In a deal announced late on June 30, the governor of New Jersey and the leaders of the legislature said that they had reached agreement on the state's budget, avoiding a shutdown of nonessential services which might have begun at midnight. The legislature was scheduled to vote on the plan at 8 am on Sunday, July 1. The governor had haggled with the legislators over how to fund budget increases that the governor said are vital to moving the state forward, including increased funding for NJ Transit. The immediate effect on NJT funding was not clear, but the governor appeared to have won a number of his proposals for increased revenue and so may be in a position to deliver on at least some of his promises to increase NJT funding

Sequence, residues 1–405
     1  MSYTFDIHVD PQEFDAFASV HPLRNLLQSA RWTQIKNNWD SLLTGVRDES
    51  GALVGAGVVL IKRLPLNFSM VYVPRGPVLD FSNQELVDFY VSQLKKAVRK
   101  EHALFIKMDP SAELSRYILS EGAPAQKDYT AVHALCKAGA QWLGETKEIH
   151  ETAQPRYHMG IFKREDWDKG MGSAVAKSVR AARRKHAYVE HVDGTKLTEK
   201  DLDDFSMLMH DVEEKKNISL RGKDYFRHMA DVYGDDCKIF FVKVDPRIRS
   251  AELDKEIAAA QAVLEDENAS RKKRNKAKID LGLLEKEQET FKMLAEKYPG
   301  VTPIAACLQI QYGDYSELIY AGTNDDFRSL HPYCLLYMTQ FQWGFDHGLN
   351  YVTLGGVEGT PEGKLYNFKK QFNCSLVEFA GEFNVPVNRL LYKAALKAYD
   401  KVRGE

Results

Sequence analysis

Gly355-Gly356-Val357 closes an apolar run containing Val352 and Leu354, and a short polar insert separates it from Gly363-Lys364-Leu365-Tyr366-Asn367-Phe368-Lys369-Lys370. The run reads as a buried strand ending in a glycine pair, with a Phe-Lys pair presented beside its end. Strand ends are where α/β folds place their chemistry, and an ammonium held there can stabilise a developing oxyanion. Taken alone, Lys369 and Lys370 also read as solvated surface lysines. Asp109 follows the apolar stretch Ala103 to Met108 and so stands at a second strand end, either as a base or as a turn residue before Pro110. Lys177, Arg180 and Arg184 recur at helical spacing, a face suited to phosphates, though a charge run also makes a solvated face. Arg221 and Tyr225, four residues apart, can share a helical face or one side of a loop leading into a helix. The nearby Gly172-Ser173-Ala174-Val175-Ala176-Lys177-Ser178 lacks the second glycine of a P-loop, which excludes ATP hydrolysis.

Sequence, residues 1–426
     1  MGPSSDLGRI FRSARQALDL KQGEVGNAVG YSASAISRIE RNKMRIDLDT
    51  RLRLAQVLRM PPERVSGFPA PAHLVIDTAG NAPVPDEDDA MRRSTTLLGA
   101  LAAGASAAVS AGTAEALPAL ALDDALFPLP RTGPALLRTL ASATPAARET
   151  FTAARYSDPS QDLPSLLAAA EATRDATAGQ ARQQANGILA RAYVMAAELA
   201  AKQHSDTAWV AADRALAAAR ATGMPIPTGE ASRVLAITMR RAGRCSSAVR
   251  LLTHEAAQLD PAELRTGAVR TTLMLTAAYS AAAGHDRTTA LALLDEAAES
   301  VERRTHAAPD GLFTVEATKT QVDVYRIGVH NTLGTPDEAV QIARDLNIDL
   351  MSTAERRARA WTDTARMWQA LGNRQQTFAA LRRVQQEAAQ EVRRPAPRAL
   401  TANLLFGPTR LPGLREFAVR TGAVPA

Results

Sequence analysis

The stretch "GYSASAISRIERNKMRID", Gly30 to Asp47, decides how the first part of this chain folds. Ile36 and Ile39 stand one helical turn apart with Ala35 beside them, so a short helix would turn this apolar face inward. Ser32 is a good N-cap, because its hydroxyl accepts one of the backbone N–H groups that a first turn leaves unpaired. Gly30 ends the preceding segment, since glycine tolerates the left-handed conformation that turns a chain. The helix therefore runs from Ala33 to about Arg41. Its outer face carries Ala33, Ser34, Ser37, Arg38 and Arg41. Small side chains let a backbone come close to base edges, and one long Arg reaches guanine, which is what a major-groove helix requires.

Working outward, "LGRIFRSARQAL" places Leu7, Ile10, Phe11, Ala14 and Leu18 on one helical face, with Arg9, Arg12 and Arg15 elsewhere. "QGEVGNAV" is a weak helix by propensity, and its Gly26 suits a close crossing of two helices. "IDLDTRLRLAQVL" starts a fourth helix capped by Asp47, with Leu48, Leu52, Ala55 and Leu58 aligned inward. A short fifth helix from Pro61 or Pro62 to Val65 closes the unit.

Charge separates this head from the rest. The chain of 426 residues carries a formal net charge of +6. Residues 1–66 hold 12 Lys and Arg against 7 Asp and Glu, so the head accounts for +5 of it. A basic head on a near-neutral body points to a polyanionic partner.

The agreement as reported by includes increased tax rates on personal income over $5 million, and on corporate income over $1 million. The affected corporations will pay a 2.5% tax surcharge this year and next year. Governor Murphy had asked for the personal tax hike to kick in at just $1 million, the so-called "millionaires' tax," so he did not get all of what he asked for, and the business tax surcharge will apparently phase out after four years. A proposed increase in the state sales tax rate was not included in the compromise package.

The Lackawanna Coalition believes that a dedicated funding source for transit is essential to continued operation and growth of a healthy transit system. Some of the agreed funding sources appear to be temporary in nature, so it's not clear that Governor Murphy has been able to secure a dedicated transit funding source.